In spite of the controversy, over 300 independent cinemas showed the film around Christmas Day in limited release. Sony also made the film available on the Internet and it was available for rental and VOD, with end of year earnings of about $6.1 million (domestic), and $11.78 million (worldwide). It became their most successful online digital movie release despite mixed reviews. The Interview was the first mid-sized studio film to be available on VOD before it even reached theaters.

The humorous film was about a plot to assassinate North Korean dictator Kim Jong-un.

[Other past films which used North Korea in their plots included: Olympus Has Fallen (2013), Red Dawn (2012), Team America: World Police (2004), the James Bond film Die Another Day (2002), Shiri (1999, S. Korea), and The Rescue (1988).]

The movie featured two popular TV show workers who were celebrating their 1,000th episode of successful shows of "Skylark Tonight":

  • Dave Skylark (James Franco), a talk-show host and interviewer
  • Aaron Rapaport (Seth Rogen), a producer

It was arranged for them (now designated as legitimate "journalists") to have an audience with the dictatorial North Korean leader Kim Jong-un (Randall Park) who was declared to be a "fan" of the show. Behind the scenes, they were recruited by the CIA's Agent Lacey (Lizzy Caplan) to assassinate him ("take him out"). The plan was to poison the "bat-shit crazy" North Korean leader with a handshake that exposed him to a fatal dose of the poison ricin.

Although the deadly plan wasn't actually carried out due to various mishaps, the two 'journalists' who arrived in Pyongyang were able to interview the Supreme Leader during an internationally-televised show in which they soiled his reputation and tarnished his cultish personality by causing him an emotional breakdown.

During a climactic pursuit sequence, Kim Jong-un was killed in a helicopter explosion after a missile strike, and Dave and Aaron escaped the country and were rescued.

Dave Skylark (James Franco) Announcing Interview

Dave Skylark and Aaron Rapaport

President Kim Jong-un
(Randall Park)

Party Scene With Korean Women

Death of Supreme Leader

Cuties (2020, Fr.) (aka Mignonnes)

Amy - a 11-year-old Senegalese immigrant girl living in Paris, joined a dance group known as 'Cuties' in order to rebel against her conservative Muslim parents and her upbringing. The film came under intense scrutiny and criticism for its hypersexualization of young girls' bodies in order to critique the sexualized environment of Western culture.

Although Netflix defended and promoted its streaming of this highly-controversial and sensational comedy-drama, there were many lawmakers and others who criticized the coming-of-age movie for its abusive hyper-sexualization and exploitation of children, and also called for its removal. The hashtag "#CancelNetflix" skyrocketed on Twitter, with parents, politicians and conspiracy theorists calling to remove the film or even to get the Department of Justice involved.

The film's French-Senegalese director Maïmouna Doucouré premiered her debut film at the Sundance Film Festival in Utah in early 2020, and received the festival's Best Director-Dramatic award in the World Cinema section. Netflix acquired the independent French production for its streaming platform before the Sundance Film Festival in January.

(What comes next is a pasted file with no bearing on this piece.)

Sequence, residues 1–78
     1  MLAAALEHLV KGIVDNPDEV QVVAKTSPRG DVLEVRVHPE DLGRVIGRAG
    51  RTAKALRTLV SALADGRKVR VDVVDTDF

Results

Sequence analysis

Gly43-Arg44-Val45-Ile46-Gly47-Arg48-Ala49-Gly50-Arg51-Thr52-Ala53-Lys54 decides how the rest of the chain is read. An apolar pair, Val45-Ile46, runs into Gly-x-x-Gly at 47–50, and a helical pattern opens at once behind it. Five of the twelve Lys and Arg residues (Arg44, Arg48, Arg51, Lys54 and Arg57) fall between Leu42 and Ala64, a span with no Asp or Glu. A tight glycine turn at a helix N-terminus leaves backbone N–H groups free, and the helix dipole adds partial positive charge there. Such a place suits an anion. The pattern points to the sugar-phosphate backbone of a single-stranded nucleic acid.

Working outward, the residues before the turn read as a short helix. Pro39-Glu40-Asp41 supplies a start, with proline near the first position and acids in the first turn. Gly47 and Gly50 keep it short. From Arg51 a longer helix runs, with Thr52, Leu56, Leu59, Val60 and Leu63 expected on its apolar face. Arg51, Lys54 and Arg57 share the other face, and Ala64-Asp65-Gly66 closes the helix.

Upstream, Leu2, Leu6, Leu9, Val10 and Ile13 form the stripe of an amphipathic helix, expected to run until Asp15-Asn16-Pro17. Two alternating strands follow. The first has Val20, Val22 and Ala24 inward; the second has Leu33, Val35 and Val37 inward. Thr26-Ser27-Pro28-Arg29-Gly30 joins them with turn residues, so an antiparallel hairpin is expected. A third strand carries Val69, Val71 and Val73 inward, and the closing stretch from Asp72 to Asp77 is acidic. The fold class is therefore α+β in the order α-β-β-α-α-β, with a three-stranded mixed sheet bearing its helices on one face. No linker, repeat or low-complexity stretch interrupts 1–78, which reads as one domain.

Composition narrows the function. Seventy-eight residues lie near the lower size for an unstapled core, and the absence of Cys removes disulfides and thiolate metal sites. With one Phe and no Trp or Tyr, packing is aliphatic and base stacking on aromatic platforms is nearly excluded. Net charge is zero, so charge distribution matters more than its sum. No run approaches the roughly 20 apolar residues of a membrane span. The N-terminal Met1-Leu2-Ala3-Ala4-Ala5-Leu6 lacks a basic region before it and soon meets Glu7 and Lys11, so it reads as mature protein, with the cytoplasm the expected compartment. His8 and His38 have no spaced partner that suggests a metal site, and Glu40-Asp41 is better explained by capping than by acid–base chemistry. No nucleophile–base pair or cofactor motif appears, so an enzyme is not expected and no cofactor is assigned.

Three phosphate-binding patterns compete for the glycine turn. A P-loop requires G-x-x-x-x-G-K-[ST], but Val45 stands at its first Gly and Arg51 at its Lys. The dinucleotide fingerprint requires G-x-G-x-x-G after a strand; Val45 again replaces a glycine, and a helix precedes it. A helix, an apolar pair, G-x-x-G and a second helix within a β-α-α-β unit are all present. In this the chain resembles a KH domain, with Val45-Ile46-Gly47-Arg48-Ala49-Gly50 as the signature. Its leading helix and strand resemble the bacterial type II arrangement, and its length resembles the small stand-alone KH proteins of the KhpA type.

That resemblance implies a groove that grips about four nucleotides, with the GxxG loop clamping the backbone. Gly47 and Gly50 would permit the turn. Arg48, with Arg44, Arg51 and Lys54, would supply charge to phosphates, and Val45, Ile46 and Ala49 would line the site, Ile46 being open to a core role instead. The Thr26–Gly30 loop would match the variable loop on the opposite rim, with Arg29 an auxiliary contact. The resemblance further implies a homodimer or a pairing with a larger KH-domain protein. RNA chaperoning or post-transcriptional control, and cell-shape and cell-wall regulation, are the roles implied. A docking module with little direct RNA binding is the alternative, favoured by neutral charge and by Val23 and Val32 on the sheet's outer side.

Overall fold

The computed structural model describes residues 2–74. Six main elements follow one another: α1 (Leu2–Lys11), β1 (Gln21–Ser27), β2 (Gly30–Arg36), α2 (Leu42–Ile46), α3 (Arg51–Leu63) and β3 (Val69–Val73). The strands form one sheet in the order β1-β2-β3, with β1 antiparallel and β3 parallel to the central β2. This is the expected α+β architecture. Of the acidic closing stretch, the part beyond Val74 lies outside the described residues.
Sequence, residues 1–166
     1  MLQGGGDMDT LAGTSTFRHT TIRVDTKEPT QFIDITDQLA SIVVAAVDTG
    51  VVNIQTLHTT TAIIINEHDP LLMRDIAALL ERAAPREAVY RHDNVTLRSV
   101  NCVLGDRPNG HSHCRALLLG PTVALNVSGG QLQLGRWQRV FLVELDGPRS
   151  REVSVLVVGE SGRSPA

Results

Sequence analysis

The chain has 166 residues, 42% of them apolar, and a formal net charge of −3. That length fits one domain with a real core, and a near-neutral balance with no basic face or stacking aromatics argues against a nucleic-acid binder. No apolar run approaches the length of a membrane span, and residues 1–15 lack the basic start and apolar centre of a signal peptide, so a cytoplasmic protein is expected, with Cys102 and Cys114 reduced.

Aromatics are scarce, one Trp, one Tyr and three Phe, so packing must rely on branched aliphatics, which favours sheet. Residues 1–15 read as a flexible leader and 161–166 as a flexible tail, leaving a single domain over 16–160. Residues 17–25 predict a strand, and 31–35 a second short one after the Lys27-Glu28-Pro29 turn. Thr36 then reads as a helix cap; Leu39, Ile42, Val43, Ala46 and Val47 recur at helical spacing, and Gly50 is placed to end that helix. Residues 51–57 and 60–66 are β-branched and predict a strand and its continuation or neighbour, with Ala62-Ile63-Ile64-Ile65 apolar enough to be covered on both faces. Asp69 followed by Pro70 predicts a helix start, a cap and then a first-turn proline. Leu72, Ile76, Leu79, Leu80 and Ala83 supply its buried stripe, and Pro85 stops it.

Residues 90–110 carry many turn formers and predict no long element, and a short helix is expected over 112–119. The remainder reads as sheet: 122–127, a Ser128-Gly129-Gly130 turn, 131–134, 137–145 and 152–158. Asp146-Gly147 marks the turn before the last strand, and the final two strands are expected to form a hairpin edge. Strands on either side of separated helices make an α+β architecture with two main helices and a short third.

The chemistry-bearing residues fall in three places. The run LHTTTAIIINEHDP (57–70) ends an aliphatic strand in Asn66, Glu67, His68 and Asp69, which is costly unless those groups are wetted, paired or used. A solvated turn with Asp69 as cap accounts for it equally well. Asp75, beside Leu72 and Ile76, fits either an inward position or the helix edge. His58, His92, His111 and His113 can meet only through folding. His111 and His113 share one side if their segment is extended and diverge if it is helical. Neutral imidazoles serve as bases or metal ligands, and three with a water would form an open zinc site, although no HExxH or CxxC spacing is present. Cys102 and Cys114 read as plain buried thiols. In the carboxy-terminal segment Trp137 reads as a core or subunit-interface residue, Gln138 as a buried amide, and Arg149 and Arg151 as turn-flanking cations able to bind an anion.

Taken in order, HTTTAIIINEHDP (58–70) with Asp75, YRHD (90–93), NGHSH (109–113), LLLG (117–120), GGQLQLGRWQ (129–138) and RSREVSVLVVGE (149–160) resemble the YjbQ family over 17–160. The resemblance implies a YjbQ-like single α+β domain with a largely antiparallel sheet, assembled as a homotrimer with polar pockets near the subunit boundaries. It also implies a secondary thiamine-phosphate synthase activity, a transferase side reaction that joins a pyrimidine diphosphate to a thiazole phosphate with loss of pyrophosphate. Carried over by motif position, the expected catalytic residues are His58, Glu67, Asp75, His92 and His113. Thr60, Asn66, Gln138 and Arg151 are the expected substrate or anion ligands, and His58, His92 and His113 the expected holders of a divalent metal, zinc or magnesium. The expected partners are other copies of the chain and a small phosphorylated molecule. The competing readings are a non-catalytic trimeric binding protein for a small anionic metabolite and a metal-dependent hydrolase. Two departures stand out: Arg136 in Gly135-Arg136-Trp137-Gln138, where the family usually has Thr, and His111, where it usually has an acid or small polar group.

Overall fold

The film's trailers (and Netflix's revised artwork on its marketing poster) portrayed pre-adolescent, scantily-clad female dancers suggestively twerking on stage with semi-pornographic gestures. Some argued that the film would only normalize pedophilia, and endanger child welfare. The most controversial scene was one of the young girl taking an X-rated photograph of her genitalia and posting it on social media. Netflix defended the "social commentary" film as a way to highlight and call attention to an important issue.

In the film's plot, 11-year old Senegalese immigrant girl Amy (Fathia Youssouf) was living in a tiny housing-development apartment in Paris. She was part of a very conservative and patriarchal Muslim family with strict rules, where her mother Mariam (Maïmouna Gueye) had just learned that her polygamous husband was taking a second wife. Amy happened to spy on four young girls in a dance troupe (known as Cuties or Mignonnes) rehearsing for a dance competition, led by her disobedient young neighbor Angelica (Médina El Aidi-Azouni). Soon after, Amy was able to work her way into the group, assisting them with suggestive twerking dance tips and serving as videographer by filming their provocative moves for Instagram on her stolen cellphone.

The rivals in the competition were known as the Sweety-Swaggs, an older more developed and sexualized group. During the actual competition performances, the dance moves even shocked members of the audience, and an upset Amy also left before its conclusion. The film ended with a traditional Muslim wedding ceremony, which Amy did not attend. In the final sequence with obvious symbolism, she decided to wear a non-descript pair of jeans and a T-shirt (instead of either the traditional wedding garb or her dance costume).

The Original Poster

Netflix's Controversial Marketing Poster

The 100+ Most Controversial Films of All-Time
(chronologically, by film title)
Intro | Silents-1930s | 1940s-1950s | 1960-1961 | 1962-1967 | 1968-1969
1970-1971 | 1972 | 1973-1974 | 1975 | 1976-1977 | 1978 | 1979
1980-1982 | 1983-1986 | 1987-1989 | 1990-1992 | 1993-1995 | 1996-1999
2000-2002 | 2003-2005 | 2006-2009 | 2010-present